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The Practice Corner: Interview with a Solo Practitioner

by Daniel DeWoskin
Trial Attorney

Last month I discussed some of the considerations and challenges involved in establishing a solo law practice right out of law school. This month, I spoke with Douglas Tozzi, an attorney who spent more than seven years working at a firm in Buckhead before starting his own firm, Tozzi Law Group, LLC, in Decatur.

Where did you work before starting your own firm?
I worked for a boutique firm located in Buckhead providing corporate services and commercial litigation/alternative dispute resolution representation involving business and commercial disputes. I started working there in my third year of law school as a law clerk and continued to practice law there for the next seven years.

Are you still engaged in the same areas of law that you worked in at your previous firm?
There were, of course, some areas of the law that I enjoyed and was more successful at than others. I continue to focus on commercial collections for law firm and business clients, in addition to representation of commercial building owners in landlord-tenant matters.

What influenced your decision to make a change after seven years at your previous firm?
I had been contemplating going out on my own for a number of years. I was fortunate in that many of the clients I had been working with wanted to continue working with me at my new firm. This made the transition to a solo practice fairly smooth for me. I elected to forego partnering with other lawyers at the outset to maintain control over the practice. While this may change, going solo has also allowed me to keep my schedule relatively flexible since I have no one to report to but my clients.

Furthermore, my new firm is located closer to my home in Decatur, which allows me to have lunch with my wife occasionally and spend more time with my one-year-old son, so I feel like my professional and home life are now more in synch.

What alternatives, if any, did you consider prior to starting a solo practice?
After speaking with a number of corporate lawyers who raved about how great it was to be in-house, I thought very seriously about taking that route. However, given the fact that I had invested so much time and energy into developing a client base over the years, I felt that it made more sense to go ahead and work for myself. This is what I had wanted to do for a long time, and I had learned the ins and outs of the operation of the firm at which I had been working. I think this knowledge gave me more confidence to go it alone than I otherwise would have had.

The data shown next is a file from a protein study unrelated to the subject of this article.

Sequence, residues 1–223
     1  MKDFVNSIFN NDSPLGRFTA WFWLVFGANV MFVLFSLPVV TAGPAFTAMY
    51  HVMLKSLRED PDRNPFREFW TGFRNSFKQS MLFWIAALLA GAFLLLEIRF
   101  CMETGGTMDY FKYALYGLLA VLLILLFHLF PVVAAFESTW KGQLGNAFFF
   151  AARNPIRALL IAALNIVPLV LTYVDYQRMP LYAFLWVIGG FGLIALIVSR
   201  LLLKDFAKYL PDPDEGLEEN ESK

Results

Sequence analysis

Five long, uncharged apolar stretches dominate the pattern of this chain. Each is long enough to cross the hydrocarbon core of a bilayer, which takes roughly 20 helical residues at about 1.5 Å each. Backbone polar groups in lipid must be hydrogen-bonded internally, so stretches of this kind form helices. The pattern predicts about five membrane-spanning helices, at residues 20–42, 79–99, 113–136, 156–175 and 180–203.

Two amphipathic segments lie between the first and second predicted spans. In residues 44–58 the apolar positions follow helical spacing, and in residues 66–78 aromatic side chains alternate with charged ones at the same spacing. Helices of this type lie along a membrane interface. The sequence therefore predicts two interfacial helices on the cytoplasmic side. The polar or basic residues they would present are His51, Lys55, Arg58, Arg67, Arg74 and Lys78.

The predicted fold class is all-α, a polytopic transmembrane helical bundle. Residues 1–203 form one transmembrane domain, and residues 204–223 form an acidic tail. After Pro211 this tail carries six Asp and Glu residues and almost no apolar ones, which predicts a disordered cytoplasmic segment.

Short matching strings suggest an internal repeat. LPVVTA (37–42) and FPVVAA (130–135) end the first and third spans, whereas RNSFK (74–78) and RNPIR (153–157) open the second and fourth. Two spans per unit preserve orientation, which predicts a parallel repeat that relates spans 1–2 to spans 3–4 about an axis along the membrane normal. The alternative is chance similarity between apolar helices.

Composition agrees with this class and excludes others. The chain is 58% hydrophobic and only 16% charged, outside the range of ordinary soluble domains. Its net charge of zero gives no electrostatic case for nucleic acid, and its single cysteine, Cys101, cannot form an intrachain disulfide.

Did you experience any difficulties with your employer when leaving your previous firm, such as disputes over clients or continued representation?
Not really. My prior firm took a very professional attitude about this delicate issue, leaving the decision entirely up to the clients.

Was there any resentment between you and your former firm?
No, there was no resentment. While working there, I had the opportunity to travel internationally to meet with foreign clients and to do some really interesting work very early in my career. Since it was a small firm, I was able to obtain a great deal of experience in cases involving complex legal matters within a relatively short period of time. My employment there had been mutually beneficial, but after seven years, it was just time for a change. I appreciate how supportive they were in my decision to start my own practice.

What were your biggest concerns about starting a new solo practice? How did you address these concerns?
Initially, it was very difficult to forego the perceived “security” of a steady paycheck. Other than that, I used to have a paralegal and an associate who assisted me and shouldered some of the workload. For the moment, it’s just me. I have found that there is actually a great deal of support from other lawyers in the solo/small firm community. My experience over the past few months has done a lot to bolster my faith in my profession and the community at large. It seems strange to me, but where I thought my lack of certain resources would detract from my efficiency, it has actually provided more time and opportunity to focus on my clients. I am, of course, no longer required to spend time in meetings dealing with administrative matters and do not miss the law firm environment.

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